April 01, 2011
Last evening I had the privilege of seeing this wonderful movie about Grameen Bank and Mohammed Yunus. It was called “To Catch A Dollar”. In 2008 Mohammed Yunus won the Nobel Peace Prize for microfinance. His groundbreaking work with Grameen Bank sets him apart from most financiers. However, he still adheres to the adage that it “takes money to make money”, just on a slightly less grand scale. Hence, the dollar theme.

The story revolves around the Nobel Laureate, Mohammed Yunus from Bangledash, India. He has travelled all over the world, but began his plan for change in his home, India. India has a large population and much of that population is quite impoverished. The people there suffer from an array of maladies some of which could be solved if they had some money and hope. Mr. Yunus wanted to change the dynamics of his society for the betterment of ALL her citizenry. His plan was simple and genius! He created what is known as microfinance.

Mr. Yunus saw a need to loan money to women who were under the poverty level in his country because they had no credit, no credit scores, no collateral, and no way for any bank to serve them. He set out to loan between $500 and $3,000 to each one. He did not collateralize these loans, but did make some requirements that would help these lucky ladies to become self-sustaining, productive, members of their society. Here´s how the plan works.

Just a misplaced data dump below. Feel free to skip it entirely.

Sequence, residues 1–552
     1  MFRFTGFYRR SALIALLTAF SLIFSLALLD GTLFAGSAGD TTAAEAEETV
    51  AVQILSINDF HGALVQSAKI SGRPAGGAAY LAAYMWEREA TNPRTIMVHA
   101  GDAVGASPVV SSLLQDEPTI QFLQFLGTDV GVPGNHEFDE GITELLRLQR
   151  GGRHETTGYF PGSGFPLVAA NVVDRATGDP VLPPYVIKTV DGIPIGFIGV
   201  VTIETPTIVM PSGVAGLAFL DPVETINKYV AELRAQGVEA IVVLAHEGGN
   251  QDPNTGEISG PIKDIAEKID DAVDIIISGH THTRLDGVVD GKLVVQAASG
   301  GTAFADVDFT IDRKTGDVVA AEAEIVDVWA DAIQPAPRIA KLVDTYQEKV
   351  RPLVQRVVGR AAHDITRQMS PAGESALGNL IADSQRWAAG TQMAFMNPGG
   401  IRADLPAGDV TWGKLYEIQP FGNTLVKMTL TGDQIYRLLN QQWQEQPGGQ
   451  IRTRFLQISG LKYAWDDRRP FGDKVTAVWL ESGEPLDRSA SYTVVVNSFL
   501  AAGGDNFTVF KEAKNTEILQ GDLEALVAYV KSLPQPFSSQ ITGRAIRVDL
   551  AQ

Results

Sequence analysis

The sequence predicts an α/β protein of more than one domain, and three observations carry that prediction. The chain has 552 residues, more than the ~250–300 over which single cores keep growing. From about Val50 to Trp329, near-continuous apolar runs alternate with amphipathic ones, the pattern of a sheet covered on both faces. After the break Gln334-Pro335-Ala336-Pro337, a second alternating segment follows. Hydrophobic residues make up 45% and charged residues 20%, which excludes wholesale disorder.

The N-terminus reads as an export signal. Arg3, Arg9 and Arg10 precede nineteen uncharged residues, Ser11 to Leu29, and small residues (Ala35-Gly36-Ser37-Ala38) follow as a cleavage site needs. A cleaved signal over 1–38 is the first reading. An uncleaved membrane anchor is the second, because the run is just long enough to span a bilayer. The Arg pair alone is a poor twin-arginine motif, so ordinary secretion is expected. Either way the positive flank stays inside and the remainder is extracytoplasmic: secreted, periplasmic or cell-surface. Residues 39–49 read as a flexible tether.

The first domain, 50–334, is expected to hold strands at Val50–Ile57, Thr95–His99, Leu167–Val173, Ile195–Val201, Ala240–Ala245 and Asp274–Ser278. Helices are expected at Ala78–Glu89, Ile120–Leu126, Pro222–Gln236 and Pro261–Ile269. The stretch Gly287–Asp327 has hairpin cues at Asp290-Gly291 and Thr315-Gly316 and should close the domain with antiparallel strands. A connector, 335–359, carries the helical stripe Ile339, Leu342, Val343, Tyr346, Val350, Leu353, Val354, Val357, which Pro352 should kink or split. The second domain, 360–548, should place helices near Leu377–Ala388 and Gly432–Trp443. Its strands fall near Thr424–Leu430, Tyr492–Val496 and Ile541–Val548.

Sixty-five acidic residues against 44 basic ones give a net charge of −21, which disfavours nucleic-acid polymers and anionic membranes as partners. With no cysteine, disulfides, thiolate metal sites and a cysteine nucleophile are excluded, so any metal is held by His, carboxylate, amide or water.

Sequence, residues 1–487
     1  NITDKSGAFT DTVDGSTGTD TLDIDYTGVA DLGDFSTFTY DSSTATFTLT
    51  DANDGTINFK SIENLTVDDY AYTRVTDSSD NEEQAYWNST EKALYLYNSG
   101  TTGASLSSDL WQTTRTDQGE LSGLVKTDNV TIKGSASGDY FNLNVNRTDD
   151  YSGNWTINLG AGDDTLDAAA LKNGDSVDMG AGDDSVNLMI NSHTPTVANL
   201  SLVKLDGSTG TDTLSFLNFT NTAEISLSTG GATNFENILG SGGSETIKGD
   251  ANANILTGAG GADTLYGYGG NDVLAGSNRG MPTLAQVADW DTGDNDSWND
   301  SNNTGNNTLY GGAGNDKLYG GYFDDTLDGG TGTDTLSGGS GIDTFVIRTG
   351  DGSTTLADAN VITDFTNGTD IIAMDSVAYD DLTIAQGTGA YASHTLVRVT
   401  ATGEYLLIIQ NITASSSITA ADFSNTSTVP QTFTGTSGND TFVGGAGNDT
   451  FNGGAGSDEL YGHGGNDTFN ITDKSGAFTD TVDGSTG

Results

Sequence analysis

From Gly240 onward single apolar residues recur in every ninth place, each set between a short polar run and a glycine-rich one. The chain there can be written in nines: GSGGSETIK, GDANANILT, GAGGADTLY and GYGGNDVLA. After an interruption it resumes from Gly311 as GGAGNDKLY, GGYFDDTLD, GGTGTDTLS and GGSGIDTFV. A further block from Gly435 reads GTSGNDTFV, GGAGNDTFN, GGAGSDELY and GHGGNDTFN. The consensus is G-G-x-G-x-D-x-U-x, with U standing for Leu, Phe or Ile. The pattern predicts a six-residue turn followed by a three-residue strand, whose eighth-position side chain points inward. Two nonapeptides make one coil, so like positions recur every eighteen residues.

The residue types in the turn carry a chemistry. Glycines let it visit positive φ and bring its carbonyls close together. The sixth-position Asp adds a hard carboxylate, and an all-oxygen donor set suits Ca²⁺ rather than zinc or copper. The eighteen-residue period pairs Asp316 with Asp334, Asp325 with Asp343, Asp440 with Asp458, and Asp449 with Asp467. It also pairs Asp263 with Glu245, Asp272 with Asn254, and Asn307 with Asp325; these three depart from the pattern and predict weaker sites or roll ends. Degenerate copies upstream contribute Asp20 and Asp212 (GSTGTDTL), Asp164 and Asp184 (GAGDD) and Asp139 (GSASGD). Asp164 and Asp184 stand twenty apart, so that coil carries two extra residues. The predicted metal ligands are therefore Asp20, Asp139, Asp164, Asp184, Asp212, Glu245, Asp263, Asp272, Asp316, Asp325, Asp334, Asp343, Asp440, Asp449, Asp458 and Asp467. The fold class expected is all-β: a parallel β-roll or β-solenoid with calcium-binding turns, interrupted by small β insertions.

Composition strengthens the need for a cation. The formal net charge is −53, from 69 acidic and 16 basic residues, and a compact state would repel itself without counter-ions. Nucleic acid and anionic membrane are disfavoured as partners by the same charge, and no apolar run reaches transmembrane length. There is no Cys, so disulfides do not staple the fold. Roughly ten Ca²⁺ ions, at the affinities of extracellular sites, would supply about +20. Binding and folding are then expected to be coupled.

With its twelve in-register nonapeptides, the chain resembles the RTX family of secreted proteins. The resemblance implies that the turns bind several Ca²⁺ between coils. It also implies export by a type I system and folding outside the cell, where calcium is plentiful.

The money was conditionally lent out to groups of five women. All women had to be under the level considered impoverished and could not be on any other state assistance plan. Businesses ranged from hair salons to nail salons and from chicken hatchers or goat herders to shoe sales or catering businesses and more. Each woman served as support for her team and met each week for one hour to see how these new business ladies were progressing. They discussed an array of business topics pertinent to their new positions. One member from the Grameen Bank was also present to check in with these ladies and to collect the funds for repayment of the loans. There were also some other interesting twists to what had to be done by these ladies who were lent funds. Each step was thoughtfully intended to help them get out of poverty and make something of their lives.

Contingencies to money being lent also expressly designed a plan where each lady had to sock away a whopping two dollars each week into savings accounts and make weekly, affordable payments to Grameen for these loans. Larger loans, than the $3,000 max individual loan, could be taken out if all members of the group could concur and continue in the practices that had been outlined for them by their loan officer at Grameen. Over a period of time these loans had a 99% plus payback ratio and have helped many many deserving women in India to achieve their dreams.

This microfinance plan was so successful that it was implemented in Ghana: New York City: Omaha, Nebraska: San Francisco, California. Target women for this microfinance program have typically been new immigrants to the USA because they are so motivated toward making a place for themselves and working hard to achieve that end. Can this type of financing translate into other segments of our society and perhaps be the cure for what ails our banking and investment system? I say I believe so.

To date more than 5,000 loans have been made by Grameen to women of various backgrounds and over $15 million dollars have been invested in this program. For more information about this special man, Mohammed Yunus, or Grameen Bank please preview some of his news video´s on YouTube.